In recent times, the popularity of using AI to manage recruitment systems has grown exponentially. However, there is still scepticism when it comes to implementing automated systems to perform talent management tasks such as scheduling interviews and implementing assessments.
This means that businesses need to establish a healthy balance, utilising their human resources department when emotional intelligence and higher thinking is required and using automation systems where these skills are not required such as inputting and analysis of data.
Candidates are not products
The problem many talent managers and companies face is that they treat their candidates as if they are products rather than people. Although an algorithm may be able to gather data and determine if an individual fits that role in terms of education, experience and years in the industry, it will not be able to determine suitability to the company culture, understand their drive and establish emotional connections to make an informed hiring decision.
Support is also a human attribute which simply cannot be replaced with AI. Although an AI may be able to offer a response to questions by combing through mounds of data, there simply isn’t a replacement for human interaction.
Although automation has disrupted the recruitment scene and the processes within it, it has actually created an argument for the necessity of maintaining people within the HR department. The way the HR and talent management department is run has changed, meaning that businesses no longer say ‘we need to hire someone for this role’ but instead will look at the current and future state of business and objectives and from this determine the types of people they will need. This way they can more accurately attribute value and decide upon the skills required to support the wider business goals.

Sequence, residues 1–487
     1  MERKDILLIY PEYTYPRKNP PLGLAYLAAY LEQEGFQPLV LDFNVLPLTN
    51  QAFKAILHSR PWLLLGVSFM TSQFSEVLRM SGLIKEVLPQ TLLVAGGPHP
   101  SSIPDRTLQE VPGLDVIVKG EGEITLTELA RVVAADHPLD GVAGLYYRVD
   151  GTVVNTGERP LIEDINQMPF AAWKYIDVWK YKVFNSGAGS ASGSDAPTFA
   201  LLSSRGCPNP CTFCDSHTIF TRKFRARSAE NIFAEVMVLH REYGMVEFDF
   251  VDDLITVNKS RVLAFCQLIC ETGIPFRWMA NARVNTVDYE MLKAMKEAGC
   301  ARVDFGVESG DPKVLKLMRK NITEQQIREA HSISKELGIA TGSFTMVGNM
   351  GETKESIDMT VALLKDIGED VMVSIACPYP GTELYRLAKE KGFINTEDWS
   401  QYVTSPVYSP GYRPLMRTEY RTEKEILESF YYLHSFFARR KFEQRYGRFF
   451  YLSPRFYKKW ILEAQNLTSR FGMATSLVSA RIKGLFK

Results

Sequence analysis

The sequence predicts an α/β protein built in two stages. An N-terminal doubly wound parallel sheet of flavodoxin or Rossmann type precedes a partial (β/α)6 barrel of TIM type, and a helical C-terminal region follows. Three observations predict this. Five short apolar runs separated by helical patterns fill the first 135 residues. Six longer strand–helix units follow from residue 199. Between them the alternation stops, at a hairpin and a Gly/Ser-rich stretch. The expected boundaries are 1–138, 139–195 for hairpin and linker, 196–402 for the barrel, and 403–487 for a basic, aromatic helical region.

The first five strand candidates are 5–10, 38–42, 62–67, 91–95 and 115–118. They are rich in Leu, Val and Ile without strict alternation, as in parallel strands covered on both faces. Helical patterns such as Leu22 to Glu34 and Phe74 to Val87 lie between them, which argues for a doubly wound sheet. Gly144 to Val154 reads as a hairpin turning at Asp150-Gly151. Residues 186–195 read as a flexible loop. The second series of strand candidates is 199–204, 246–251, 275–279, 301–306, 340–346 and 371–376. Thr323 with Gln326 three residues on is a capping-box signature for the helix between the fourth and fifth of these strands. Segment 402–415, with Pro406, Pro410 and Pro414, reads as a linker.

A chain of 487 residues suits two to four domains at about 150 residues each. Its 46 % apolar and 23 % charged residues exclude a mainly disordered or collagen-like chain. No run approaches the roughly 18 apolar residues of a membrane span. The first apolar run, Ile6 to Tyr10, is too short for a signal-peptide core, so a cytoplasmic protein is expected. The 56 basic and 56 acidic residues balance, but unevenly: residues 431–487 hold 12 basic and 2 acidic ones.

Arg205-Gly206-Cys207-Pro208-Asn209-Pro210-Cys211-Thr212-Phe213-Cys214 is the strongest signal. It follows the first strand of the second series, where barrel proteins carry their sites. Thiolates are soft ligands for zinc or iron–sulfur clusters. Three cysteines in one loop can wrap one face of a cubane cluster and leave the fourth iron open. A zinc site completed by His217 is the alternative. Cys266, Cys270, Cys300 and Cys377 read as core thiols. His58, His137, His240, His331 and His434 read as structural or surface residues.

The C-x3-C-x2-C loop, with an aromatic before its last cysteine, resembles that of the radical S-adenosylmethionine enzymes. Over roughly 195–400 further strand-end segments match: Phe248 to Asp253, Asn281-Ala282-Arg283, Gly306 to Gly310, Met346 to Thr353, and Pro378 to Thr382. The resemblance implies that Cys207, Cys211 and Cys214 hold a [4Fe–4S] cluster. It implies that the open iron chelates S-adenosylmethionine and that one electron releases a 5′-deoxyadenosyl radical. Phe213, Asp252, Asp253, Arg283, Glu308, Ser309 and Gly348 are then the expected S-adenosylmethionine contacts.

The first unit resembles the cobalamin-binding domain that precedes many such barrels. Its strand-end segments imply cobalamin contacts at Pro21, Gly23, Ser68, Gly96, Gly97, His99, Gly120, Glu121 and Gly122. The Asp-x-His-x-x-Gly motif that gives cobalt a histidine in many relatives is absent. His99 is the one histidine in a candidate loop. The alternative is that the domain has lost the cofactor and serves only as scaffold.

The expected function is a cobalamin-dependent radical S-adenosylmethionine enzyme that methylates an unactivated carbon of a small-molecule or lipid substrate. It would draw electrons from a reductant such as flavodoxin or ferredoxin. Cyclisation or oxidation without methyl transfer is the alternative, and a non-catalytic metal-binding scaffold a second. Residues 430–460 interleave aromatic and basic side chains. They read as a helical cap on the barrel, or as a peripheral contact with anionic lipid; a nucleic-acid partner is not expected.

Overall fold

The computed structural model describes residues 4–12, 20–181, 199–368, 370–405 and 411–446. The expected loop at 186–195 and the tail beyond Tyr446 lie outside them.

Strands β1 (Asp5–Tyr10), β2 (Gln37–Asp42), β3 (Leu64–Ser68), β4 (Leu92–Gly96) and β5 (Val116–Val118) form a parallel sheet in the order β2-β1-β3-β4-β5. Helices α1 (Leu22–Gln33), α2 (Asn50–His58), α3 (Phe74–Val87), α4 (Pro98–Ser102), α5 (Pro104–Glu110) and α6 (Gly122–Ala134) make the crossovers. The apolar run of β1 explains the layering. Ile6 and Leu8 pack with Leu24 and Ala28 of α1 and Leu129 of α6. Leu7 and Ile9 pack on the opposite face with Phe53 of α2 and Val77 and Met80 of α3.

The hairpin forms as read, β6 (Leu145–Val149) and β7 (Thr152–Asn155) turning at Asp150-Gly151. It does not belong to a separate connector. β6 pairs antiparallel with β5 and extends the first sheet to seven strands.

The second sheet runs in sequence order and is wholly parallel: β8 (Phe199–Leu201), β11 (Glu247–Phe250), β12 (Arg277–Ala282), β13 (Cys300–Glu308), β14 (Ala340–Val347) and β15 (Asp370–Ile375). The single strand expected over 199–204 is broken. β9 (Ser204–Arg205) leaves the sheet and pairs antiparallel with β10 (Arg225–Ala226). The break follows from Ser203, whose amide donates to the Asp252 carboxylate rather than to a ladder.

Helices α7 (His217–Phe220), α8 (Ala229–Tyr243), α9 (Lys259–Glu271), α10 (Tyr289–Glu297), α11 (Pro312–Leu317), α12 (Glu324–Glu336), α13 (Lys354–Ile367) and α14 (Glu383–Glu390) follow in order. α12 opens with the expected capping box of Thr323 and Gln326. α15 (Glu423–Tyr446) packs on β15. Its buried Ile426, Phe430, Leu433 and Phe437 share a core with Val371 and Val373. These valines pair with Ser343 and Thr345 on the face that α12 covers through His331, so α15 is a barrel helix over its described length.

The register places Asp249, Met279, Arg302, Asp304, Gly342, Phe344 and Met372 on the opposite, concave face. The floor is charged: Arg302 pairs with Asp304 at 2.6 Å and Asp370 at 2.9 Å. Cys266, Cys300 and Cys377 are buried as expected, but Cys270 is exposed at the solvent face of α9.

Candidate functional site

Treat employees like customers
From juniors and graduates to senior executives and board members, all employees should be considered as a commodity within your business. Imparting respect and progression plans onto all of the employees is more likely to lead to better staff retention, increase morale and company loyalty in the future.
One key piece of advice when considering your employee value proposition is to look at your treatment of employees as you would your treatment of your best customers. By understanding how you attract and retain your customers successfully, you can also better plan how to transpose this system onto your workforce and employment strategies.
Neglecting employee happiness and how you market your business to them, both externally and internally, can lead to your competitors successfully securing the best people in the industry, attracting your workforce and often, having a knock-on effect on your customers due to no motivation to do a good job.
By properly marketing the business to external and internal talent, businesses are more likely to see candidates attracted to the culture and benefits of the business which in turn makes sourcing and securing talent much easier. This may be more complex than executing an excellent marketing strategy but also will require internal changes and management of the culture, progression and development opportunities for everyone and ensuring that the company gives back to both employees and the wider community.
Companies who recognise employee contributions and reward them as such are more likely to see better staff retention and improve word of mouth, which is particularly beneficial in the modern era of social media. When considering how quickly poor reviews travel in the world of social media, retaining a happy, healthy workforce can actually generate positive word of mouth and reduce the likelihood of employees speaking poorly of their experiences online.